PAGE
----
1Our nominee for baseball's toughest pitcher has 843 career victories and seven Cy Young Awards, and looks to be on track for three Hall of Fame induction speeches. The choice came down to Tom Glavine, Greg Maddux and John Smoltz. But after soliciting Atlanta manager Bobby Cox's opinion, we've declared the race a three-way tie. Glavine, a former high school hockey star in Massachusetts, has thrown 4,300 innings without a disabled list appearance. He pitched with a broken rib, a bad ankle and assorted arm issues in Atlanta, and survived an adventurous, tooth-mangling taxi ride in New York. Maddux's meek appearance belies his tenacity. One spring in Atlanta, he took a line drive off the toe in his final spring training start. The doctors stitched up the toe, shot him up with numbing agents, and Maddux never missed a turn. While Smoltz has made eight disabled list visits in his career, he has also pitched through pain that would make lots of grown men cry. Wonder how it feels to throw 90 mph-plus with a torn elbow ligament? Smoltz knows the answer. "You just don't do what these guys have done in the game without being competitive and tough," Cox said. Honorable mention: Randy Johnson, Roger Clemens, Jamie Moyer, Joe Borowski, Mariano Rivera, Curt Schilling and Tim Wakefield received mentions among the older crowd, while Tim Hudson, Roy Oswalt, Roy Halladay and Dontrelle Willis are younger pitchers with big motors and bigger hearts. Pedro Martinez is also widely respected for his fortitude. "I've seen Pedro go out there start after start and still be dealing when I know his arm was barking like a German Shepherd," Kenny Williams said. Although Yankees fans might question Kyle Farnsworth's toughness in close games, he is trained in Tae Kwon Do and put his skills to good use in a memorable confrontation with Paul Wilson. "When you charge the mound on this guy, you better know what you're doing," said Angels outfielder Gary Matthews, Farnsworth's former teammate in Chicago. San Diego reliever Doug Brocail, who came back to pitch in 2006 after two angioplasties in four months, also received several mentions. "Brocail is the guy I'm avoiding if a brawl breaks out, because of his mental stability combined with his toughness," said Padres infielder Geoff Blum. "Oh yeah -- he's had two stents put in his heart." Jerry Crasnick covers baseball for His book "License To Deal" was published by Rodale. Click here to order a copy. Jerry can be reached via e-mail.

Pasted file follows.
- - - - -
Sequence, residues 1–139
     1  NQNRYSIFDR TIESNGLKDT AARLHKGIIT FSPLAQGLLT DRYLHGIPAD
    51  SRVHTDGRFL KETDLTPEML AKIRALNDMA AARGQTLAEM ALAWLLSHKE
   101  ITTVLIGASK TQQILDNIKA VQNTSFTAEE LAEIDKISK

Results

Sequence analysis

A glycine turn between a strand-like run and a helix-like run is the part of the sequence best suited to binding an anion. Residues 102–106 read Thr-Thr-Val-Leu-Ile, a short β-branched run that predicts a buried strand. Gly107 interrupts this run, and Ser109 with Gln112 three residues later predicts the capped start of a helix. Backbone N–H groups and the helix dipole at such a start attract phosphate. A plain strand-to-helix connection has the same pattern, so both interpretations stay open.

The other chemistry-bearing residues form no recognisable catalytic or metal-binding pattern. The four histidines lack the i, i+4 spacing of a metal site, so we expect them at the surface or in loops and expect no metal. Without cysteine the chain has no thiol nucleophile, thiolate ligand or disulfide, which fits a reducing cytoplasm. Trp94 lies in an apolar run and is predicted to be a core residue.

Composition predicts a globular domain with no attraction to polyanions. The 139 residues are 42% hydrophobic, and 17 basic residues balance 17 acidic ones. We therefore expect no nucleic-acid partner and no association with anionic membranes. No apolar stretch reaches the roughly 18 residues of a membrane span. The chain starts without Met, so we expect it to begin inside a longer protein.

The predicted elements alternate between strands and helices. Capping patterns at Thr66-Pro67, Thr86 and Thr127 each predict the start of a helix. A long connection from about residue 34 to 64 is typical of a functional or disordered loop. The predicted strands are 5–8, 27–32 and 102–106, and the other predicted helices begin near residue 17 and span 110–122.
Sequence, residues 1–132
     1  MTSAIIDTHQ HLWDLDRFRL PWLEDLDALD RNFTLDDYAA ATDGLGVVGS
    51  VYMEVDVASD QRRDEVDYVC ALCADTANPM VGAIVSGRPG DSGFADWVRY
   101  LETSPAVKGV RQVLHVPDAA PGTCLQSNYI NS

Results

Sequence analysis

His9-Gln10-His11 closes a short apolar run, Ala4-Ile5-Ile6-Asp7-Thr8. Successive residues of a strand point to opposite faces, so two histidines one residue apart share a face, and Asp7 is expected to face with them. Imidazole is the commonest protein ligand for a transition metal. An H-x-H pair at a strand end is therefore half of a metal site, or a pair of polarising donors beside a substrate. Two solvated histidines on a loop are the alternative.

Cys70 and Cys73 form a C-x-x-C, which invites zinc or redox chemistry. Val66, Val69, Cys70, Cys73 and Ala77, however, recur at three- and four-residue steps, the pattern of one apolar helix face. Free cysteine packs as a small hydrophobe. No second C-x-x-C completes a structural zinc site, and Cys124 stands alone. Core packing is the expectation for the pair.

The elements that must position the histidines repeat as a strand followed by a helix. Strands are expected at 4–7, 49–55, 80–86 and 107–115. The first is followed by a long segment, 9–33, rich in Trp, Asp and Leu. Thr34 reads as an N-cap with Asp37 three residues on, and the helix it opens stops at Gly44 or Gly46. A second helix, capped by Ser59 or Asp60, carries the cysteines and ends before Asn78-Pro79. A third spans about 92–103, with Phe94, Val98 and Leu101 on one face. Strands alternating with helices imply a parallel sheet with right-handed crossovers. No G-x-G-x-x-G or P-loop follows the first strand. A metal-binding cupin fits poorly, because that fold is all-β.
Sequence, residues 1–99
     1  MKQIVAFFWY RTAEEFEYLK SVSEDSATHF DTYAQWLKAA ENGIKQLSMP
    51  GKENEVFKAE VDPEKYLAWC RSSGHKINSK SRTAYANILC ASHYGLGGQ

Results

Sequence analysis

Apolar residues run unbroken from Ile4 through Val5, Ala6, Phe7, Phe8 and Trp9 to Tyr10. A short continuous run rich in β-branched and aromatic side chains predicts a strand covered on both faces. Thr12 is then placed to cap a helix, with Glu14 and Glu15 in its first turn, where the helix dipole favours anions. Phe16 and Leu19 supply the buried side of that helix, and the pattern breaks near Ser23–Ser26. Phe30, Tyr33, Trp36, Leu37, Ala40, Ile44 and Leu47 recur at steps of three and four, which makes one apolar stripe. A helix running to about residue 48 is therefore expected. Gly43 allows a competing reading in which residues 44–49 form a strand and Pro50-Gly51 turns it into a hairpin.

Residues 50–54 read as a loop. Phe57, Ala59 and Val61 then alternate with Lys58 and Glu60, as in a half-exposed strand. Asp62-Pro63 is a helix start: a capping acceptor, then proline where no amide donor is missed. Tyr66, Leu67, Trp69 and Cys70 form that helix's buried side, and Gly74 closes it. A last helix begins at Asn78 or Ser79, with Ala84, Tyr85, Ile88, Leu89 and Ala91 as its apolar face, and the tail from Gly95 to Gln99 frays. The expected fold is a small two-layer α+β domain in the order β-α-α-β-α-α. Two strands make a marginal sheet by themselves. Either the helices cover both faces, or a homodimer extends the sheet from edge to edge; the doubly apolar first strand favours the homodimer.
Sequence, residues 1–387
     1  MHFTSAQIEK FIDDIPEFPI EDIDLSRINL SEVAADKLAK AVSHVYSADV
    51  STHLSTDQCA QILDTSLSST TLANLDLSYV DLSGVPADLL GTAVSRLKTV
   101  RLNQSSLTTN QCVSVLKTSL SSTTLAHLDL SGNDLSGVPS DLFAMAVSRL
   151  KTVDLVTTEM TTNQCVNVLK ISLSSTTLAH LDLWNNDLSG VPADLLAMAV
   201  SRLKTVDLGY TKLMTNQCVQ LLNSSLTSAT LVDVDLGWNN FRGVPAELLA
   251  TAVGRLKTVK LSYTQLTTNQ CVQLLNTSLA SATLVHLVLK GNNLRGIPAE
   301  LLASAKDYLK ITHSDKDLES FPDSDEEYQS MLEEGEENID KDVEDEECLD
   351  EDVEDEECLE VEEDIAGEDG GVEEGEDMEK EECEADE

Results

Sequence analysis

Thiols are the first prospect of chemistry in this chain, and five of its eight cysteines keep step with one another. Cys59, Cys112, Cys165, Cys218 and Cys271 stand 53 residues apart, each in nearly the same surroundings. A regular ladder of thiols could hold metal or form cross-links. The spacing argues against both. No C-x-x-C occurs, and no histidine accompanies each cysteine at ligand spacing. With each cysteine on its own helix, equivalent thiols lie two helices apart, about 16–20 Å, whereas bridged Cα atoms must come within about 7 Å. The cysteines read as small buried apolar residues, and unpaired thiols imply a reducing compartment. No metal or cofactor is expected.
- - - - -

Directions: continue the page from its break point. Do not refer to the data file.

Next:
Tuesday, August 14, 2007

My near laptop death

so i started new job yesterday. gotta love showing up for the weekly all-staff meeting. that's right weekly. but when there are only 15 of you, weekly isn't so bad. but the electric was out because of the storms over the weekend. no big deal.

i get home around 5:00ish. noticing that it only takes me 8, yes thats right, 8 minutes to get home. fantastic! turn on laptop. walk into kitchen to make dinner. come bakc and laptop screen is black. i think it just went to sleep. turns out, it went into a coma. or a near death experience.
either way, i'm slightly freaked out and little concerned. because when you ride a wave of good things (new job, apt, seeing old friends, etc.) eventually reality catches up with you and you take a turn towards negative town. i'm thinking computer dying was the off-ramp towards other bad things about to occur.

turns out. laptop went ?#@!!$#$? and this morning i plug it in, turn it on, and PRESTO! like nothing even occurred. so did my laptop have amensia, a nightly coma or was it mad because i left it for the day after six months of using it daily? maybe laptop and i will have to figure out a plan. jeez, i wonder what it would do when it found out i was having an affair with my mac laptop? as the Go Go's sing my lips are sealed.